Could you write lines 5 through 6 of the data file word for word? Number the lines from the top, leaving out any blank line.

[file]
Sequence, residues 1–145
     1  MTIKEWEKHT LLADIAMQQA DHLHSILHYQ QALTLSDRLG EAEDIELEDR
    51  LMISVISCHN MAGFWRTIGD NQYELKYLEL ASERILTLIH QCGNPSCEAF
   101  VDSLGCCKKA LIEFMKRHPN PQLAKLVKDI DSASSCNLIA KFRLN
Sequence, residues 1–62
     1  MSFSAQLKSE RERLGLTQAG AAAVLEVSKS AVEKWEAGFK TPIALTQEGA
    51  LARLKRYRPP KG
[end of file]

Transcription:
Sequence, residues 1–62
     1  MSFSAQLKSE RERLGLTQAG AAAVLEVSKS AVEKWEAGFK TPIALTQEGA